The latest science confirms that nature acts as the secret ally in the fight against climate change, slowing global warming and protecting humanity from much more severe impacts of climate change, according to a new WWF report.
The report highlights the power of natural ecosystems to both reduce emissions and help communities adapt and build resilience in a warming world. Our Climate’s Secret Ally: Uncovering the story of nature in the IPCC Sixth Assessment Report draws upon the Intergovernmental Panel on Climate Change (IPCC)’s work to highlight the interlinked emergencies of human-induced climate change and biodiversity loss and makes the case for better integrating nature into the global response to the climate crisis.
“Nature is a climate ally, but natural systems are being pushed beyond their limits by the unrelenting pressure from climate change, pollution, over-exploitation, and ecosystem conversion,” said WWF Deputy Global Lead for Climate and Energy, Dr. Stephen Cornelius. “We can’t halt climate change if we refuse to rapidly decarbonize the global economy and simply allow the crisis in nature to continue unabated. Governments at COP27 should integrate the links between climate, people, and nature, as well as accelerate progress on mitigation and adaptation ambition, and loss and damage. To limit warming to 1.5°C, adapt to climate change, and save lives and livelihoods, we must safeguard and restore nature.”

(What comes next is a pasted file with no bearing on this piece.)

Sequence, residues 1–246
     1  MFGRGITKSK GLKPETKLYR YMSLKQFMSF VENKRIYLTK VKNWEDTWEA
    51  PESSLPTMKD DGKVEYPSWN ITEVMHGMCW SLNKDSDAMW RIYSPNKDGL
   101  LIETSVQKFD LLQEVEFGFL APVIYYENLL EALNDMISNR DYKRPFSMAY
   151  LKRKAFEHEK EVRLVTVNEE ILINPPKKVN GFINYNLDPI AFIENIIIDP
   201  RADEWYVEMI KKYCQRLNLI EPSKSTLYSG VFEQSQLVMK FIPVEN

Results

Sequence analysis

“Our capacity to restore healthy ecosystems and a healthy planet is constrained by global warming,” said Professor Hans-Otto Pörtner, IPCC Co-Chair, Working Group II. “Benefiting from the many services ecosystems provide depends on successfully reducing emissions and keeping global warming to 1.5°C or below. The evidence is stronger than ever before that the world’s current climate and biodiversity crises depend on each other and can only be solved together.”
The report highlights that some 31% of man-made CO2 emissions over the past 10 years were absorbed by terrestrial ecosystems (including plants, animals, and soils), while an additional 23% was taken up by the ocean – at great cost for many marine ecosystems, as its waters become increasingly acidic.
In addition to slowing global warming, healthy ecosystems increase resilience and help keep communities safe from the impacts. For example, coral reefs, wetlands, and mangroves provide some protection from storm surges, and forests can soak up excess rainwater, preventing run-offs, landslides, and damage from flooding. But extreme weather events such as drought, wildfires, and marine heatwaves, can destroy entire ecosystems and cause mass mortalities.
At COP27, WWF urges leaders to recognize nature-based solutions within the outcome of COP27, embed them in climate action, and create momentum ahead of the December COP15 biodiversity summit in Canada – humanity’s unmissable opportunity to reset its broken relationship with nature.